Thursday, July 22, 2010

Open Mike at Neutral Ground Coffeehouse

The Neutral Ground Coffeehouse is a bit off the beaten track but not terribly so.  It has an interesting history and if those battered walls could tell stories, I'm sure they would all be good yarns.  Prices are extraordinarily reasonable and the atmosphere is relaxed and welcoming.  I watched two guys play chess for an hour.

We didn't go to the Neutral Ground to watch a chess match, however.  We went to an open mike poetry reading that is held every Wednesday between 8:00 to 9:00 PM.  An interesting bunch of gentlemen and one lady read from their own works and also from the classics.  By classics I mean Guillaume Appollinaire and Allen Ginsburg.  An on-the-spot decision was made to read Howl in round robin fashion in the near future.  That will be something worth hearing.  While I doubt anyone will be starving, hysterical or naked it should be a wooly recitation nonetheless.  There was some loose talk about waiting for Hallowe'en.  When a date is announced, I'll post it here if I'm privy.

As mentioned earlier this month, I don't consider myself a poet.  Despite that, I was inspired to write a little something that I may read next week.  It starts off with a bang of flourishes and then peters out into rather dry prose.  I think it has enough layers of meaning to have a bit of appeal, though I doubt it will ever be accepted for publication in Field and Stream.  What do you think?



The American Eel by Whalehead King.  July 21, 2010.

In a sea full of small fry and sharks, is there room for an eel and its shocks?  In the shade of hummocks, where blue crabs quietly clack through the brine, eels ply the wiggle room between roots and reeds that tangle the mangled shore.  Tide and time, by and by, fill the voids with eddies of slurry.  The flow pushes in, the ebb pulls away, the eels scuff their sandpaper skins on empty oysters and mussels and bamboo.
The American eel, fluid as a rope in a river, lacks the sparked sting and menace of its African cousin.  The American eel, a tough thing of stringy meat and more bones than a chicken or menhaden, as graceful as an ibis, less common than a tern, as quick as a snake and doubly as ugly, a startling, slippery, sinewy thing churned out of the kind of dreams that make children cry and women cringe, slides where civilized angels don’t bother to tread.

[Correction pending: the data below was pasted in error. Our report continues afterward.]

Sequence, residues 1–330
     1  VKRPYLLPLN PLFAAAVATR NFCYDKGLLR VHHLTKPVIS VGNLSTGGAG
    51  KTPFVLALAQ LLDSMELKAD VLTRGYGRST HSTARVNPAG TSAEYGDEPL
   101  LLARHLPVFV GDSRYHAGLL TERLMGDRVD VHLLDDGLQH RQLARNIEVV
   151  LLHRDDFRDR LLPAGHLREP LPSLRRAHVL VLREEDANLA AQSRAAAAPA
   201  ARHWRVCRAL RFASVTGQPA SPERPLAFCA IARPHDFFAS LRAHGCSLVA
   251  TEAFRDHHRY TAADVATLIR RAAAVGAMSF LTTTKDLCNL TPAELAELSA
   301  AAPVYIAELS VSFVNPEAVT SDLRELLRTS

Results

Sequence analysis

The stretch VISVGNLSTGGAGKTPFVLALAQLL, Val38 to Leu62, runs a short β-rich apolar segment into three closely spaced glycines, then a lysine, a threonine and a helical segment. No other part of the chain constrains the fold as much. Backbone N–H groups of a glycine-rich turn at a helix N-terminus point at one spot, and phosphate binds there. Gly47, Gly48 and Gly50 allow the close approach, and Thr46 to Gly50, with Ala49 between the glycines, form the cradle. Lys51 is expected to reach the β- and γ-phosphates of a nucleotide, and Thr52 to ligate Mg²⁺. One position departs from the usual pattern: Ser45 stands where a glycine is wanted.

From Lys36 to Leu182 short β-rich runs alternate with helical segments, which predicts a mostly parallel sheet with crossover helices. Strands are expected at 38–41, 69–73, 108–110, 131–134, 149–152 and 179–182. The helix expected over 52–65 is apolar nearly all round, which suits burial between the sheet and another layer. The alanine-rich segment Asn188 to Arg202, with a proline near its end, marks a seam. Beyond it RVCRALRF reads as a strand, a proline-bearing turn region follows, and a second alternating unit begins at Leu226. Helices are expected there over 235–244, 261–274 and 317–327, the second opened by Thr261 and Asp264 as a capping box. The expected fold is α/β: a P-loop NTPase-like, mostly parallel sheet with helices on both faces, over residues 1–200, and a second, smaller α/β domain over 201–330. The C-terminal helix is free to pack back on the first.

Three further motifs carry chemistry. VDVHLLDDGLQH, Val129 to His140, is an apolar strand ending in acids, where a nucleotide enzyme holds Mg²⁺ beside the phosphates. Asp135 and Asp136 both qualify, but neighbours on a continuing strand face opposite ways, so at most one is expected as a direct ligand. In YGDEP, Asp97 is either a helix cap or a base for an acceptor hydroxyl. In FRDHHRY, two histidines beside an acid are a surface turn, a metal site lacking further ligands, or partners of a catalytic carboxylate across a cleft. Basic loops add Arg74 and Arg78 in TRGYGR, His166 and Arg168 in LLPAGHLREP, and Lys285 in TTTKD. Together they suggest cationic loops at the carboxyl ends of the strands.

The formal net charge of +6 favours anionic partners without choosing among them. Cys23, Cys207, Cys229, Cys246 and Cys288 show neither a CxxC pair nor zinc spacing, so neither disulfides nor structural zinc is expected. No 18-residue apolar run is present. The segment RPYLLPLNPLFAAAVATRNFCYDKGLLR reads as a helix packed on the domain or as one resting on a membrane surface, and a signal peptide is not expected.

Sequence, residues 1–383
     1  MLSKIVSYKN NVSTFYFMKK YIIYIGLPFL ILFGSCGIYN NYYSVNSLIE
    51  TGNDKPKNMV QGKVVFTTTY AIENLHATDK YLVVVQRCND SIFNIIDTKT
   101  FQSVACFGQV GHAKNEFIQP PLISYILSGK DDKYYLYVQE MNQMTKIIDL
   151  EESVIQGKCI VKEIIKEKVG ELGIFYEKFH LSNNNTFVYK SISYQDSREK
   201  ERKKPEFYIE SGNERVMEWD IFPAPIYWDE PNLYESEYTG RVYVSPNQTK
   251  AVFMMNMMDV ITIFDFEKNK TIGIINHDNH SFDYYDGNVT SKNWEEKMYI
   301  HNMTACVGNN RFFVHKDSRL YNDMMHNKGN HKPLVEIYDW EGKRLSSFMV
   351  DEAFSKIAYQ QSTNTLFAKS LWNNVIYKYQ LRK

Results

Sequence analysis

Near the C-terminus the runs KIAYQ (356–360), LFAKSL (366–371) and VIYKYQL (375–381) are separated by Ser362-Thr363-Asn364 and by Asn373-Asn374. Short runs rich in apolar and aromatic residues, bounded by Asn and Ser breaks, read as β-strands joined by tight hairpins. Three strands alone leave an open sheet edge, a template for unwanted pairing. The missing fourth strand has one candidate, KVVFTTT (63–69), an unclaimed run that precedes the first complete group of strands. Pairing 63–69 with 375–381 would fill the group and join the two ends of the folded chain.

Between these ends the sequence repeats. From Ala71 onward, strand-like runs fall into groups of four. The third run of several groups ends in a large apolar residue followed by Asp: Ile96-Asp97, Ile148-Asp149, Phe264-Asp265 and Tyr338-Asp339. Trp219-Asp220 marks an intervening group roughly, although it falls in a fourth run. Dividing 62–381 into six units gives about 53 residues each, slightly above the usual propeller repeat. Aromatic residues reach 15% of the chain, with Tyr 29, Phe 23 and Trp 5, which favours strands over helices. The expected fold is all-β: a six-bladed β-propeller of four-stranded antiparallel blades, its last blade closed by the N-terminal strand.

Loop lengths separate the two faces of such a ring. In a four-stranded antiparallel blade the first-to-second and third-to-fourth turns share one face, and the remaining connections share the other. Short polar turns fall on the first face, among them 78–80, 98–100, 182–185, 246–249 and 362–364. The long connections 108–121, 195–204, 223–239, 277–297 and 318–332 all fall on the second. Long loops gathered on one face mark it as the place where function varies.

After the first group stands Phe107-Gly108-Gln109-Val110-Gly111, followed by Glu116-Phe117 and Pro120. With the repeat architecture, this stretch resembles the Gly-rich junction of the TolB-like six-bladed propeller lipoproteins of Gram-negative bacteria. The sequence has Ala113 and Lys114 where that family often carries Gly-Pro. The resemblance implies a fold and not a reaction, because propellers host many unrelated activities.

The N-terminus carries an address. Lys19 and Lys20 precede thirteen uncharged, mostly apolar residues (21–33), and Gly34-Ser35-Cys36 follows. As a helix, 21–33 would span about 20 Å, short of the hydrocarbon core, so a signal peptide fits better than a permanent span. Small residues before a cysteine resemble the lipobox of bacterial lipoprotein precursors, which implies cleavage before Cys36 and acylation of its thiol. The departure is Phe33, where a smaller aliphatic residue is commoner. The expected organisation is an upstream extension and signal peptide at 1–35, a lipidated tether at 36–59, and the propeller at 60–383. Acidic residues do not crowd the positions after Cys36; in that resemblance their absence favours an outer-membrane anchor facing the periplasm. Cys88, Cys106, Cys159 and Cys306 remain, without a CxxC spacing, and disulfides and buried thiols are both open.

The squid, the shrimp, the crawfish, the jellyfish, the anchovy, the sardine, the sand shark and nurse shark, the dog shark, the catfish, the trash fish, the webbed feet of water birds that plod through the muck, the American eel slides between them, caresses them, and sometimes takes a bite.  A dark flash in shadow, seldom clearly seen and rarely caught without net or fork, as elusive as inspiration, the American eel is artful master of the shallow depths that make up its murky domain.


The hoi polloi covet a passel of eels for the pot.  They wrestle with pliers to strip the skin off the body.  They hack at the head.  They chop chunks off the bloody cylinder that grew its original shape for stealth and surprise rather than stew.  The thrashing antics of a struggling eel in fresh air and sunshine lend a dull-witted man a superior sense.  Starred chefs procure a few of the slippery devils for well paying clientele with palettes attuned to the exotic or obscure.  By divine design, more suited to escape than suffer as prey, a special hell awaits the eel that gets caught.  Craved as game in backswamp kitchens and in epicurean restaurants, the American eel is seldom enjoyed at middle class tables. 

Is it poetry?  Well, I'm not the one to judge that.  I only write this stuff.

After the reading, a duo from Santa Cruz, CA performed an acoustic set.  Nice guys.  They wore ties.  They were very good, especially since they said this was their first acoustic set.  They usually play electro-pop.  

In case you want to study up for the Howl-a-thon...



2 comments:

Anita said...

I think you should read it. It held my attention and I liked it. When I got to the fourth stanza, however, I was immediately so distracted by the "the" in front of "hoi polloi" that I couldn't really judge if the last paragraph was a diminishment or not. Anyway, that's for you to say.

Whalehead King said...

I can't recall ever seeing it without an article in front of it, but you seem to be more of a stickler about things than I am. I'll look into it. Thanks for the input.

And now you see why I end up with the poets. I think of these as paragraphs rather than stanzas but no one else does.

Much obliged.

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